PUBLISHED: PUBLISHED: 07:15, Fri, Sep 11, 2020
Rishi Sunak has come under pressure to scrap the multi-billion pound spend in the upcoming Budget as a way of helping the UK pay for the huge coronavirus bill and inject much-needed life into the country's struggling economy, which has slumped into recession with the loss of millions of jobs. Britain currently has a legal commitment to spend 0.7 percent of GDP on foreign projects and some of the world’s richest countries, including China and India, have benefited from taxpayers’ money. In July, it was revealed an eye-watering £71million of taxpayers’ money was sent to China in just one year, despite Beijing having the second-largest economy in the world and a world-renowned space programme.
The annual report from the Department for International Development (DfID) found the huge sum was sent via a combination of direct British aid and a share of funding the UK gives to the likes of the United Nations and EU, who then distribute it.
Foreign Secretary Dominic Raab said £3billion would be cut from the aid budget next year, with the axe falling on countries such as China.
But he insisted the Government remains committed to the 0.7 percent spending target on foreign aid, adding this is a manifesto commitment that was written into law.
Ben Harris-Quinney, chairman of the Bow Group think tank, highlighted in the past decade under Conservative Governments, the UK's national debt has more than doubled - despite commitments to austerity measures.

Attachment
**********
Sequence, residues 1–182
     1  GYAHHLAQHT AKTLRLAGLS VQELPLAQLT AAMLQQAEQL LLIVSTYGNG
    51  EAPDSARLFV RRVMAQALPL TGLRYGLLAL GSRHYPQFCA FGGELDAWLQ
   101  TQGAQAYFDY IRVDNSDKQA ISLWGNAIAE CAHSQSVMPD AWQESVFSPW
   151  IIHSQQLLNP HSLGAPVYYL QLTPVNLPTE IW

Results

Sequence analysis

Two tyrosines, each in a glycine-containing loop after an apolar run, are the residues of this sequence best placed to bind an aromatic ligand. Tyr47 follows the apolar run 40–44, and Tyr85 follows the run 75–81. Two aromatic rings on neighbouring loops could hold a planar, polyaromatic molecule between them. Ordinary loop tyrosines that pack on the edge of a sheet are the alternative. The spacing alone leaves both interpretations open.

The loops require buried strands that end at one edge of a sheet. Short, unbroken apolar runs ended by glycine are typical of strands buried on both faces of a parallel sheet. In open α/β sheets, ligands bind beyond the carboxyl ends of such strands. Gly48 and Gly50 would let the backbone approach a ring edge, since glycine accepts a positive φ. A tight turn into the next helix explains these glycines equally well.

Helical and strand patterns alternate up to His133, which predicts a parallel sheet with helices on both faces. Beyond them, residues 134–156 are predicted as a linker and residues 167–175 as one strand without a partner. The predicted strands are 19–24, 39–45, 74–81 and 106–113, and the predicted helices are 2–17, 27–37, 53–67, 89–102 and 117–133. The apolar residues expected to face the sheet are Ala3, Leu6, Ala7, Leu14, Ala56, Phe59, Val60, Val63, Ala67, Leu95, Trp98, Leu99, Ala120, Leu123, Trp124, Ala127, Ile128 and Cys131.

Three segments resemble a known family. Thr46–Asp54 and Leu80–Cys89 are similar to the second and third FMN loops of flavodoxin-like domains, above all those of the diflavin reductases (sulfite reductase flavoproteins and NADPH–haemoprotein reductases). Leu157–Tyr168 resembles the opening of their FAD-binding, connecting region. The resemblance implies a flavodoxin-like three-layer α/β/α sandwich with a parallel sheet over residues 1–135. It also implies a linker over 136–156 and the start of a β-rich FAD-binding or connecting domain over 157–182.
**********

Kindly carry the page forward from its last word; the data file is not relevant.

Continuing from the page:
BREXIT BULLETIN: Sign up for our special edition newsletter with exclusive insight from this week's crunch talks
Rishi Sunak is coming under pressure to scrap the UK's huge foreign aid spending (Image: GETTY)
The Government are looking at ways to pay the massive coronavirus crisis bill (Image: PA)
He lashed out at the Government for piling taxes onto Britons for charitable causes during a pandemic and period of economic crisis, warning the 70 million population should be their priority.
Mr Harris-Quinney told Express.co.uk: "In the five years since the International Development Bill legislation the UK has sent more than £50 billion overseas in international aid.
"For perspective it would take £12.5 billion over the same period of time to eliminate the deficit in social care spending.
"Quite contrary to supposed austerity measures since the Conservatives took power in 2010 our national debt has more than doubled, and many services in the UK are unsatisfactory and failing.
READ MORE: Pension scam ‘red flags’ jump to 51% as the government takes action